, Part 7: The ESP32

Wire up your ESP32 and BME280

If you’ve messed around with microcontrollers, this will all be easy. In fact, the hardest part is intalling micropython onto the ESP32. A little walkthrough is provided by micropython themselves. I like to use the program Thonny to communiate with the controller from my desktop. There’s a little Thonny tutorial at random nerd tutorials if you’re interested.

Once you’ve confirmed that micropython is working (check with a simple blink program or something), you’ll wire up the BME280 breakout board. I like to use Adafruit’s libraries and tutorials, so I suppose it’s only fair to buy a board from them as well. They have a writeup on using the BME280 with micropython here on their website. If you’re really strapped for cash, there are cheaper BME280 breakout boards available, as well. Confirm that you can print the values.

Make your boot routine

The main purpose of the boot routine is to connect to your wifi network. The code can be viewed on my github for the ESP32 components under the micropython_scratch folder. There’s nothing to it. Note that you may want to look into reserving a static IP for this device if you have connectivity issues; sometimes this can be a solution.

Make your main routine

The main routine will include a little more “front stuff”: imports that belong here rather than in the boot routine, for example. I also add a script just to blink an LED to make sure I know the device has reset when I click the reset button (useful during troubleshooting or updating your scripts). The front stuff also includes the header information, including authentication for the http post request.

A note on this important package, urequests: this is our tool for sending our http POST request to our server. It’s worth noting that I believe it will honor an https request, making the POST encypted. Even though we’re “encoding” in base64 the username+password combination that lets us submit an authenticated POST to our API, this is not an encrypted encoding!!! We are relying on the https encryption. Also, my understanding is that you might have issues if you use an ESP8266, because it does not have enough memory to support certificate verification. Unfortunately, most of the documentation that I’ve been able to find on this issue has been spotty, and I haven’t spent the time double-checking that my connection is secure. This is part of why we used an intermediate python script on the server to ensure the ESP32 is not directly connecting to the SQL database, as well as made sure that the python script was using SQL credentials that have limited abilities.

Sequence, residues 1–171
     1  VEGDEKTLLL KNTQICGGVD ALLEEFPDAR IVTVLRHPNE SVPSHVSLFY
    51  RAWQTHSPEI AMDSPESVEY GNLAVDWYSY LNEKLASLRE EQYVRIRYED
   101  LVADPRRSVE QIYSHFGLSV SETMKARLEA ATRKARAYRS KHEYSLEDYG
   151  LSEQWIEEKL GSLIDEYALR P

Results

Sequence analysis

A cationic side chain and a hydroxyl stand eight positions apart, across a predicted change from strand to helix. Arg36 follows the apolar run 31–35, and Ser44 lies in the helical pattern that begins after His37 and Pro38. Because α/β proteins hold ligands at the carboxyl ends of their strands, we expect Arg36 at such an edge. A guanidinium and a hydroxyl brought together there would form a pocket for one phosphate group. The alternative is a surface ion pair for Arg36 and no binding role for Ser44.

The main routine then goes into a “while True:” section, which is much like the “void loop” section when you’re using the C-based Arduino programming language. First we check if we’re still connected to wifi, and remedy the situation if we’re not. Then, the data collection is simple with the Adafruit BME280 packages: once you set up the pin parameters for i2c communication, you can just sample the values using bme.temperature, bme.humidity, etc. I do some slight formatting before taking a ~20 second average reading, then format my http post request. We post that, with a try-catch loop (I had had some problems with sockets not closing: this remedied that. It may not be strictly necessary). Then, I free up memory, which again may not be necessary. Since I leave this ESP32 running for months at a time, I want to be sure it’ll keep working without my checking on it!

This post request is sent off to the server that we already set up. If everything previous to this was done correctly, it’ll be inserted into the SQL database, and become data available for plotting when people visit the landing page of the website.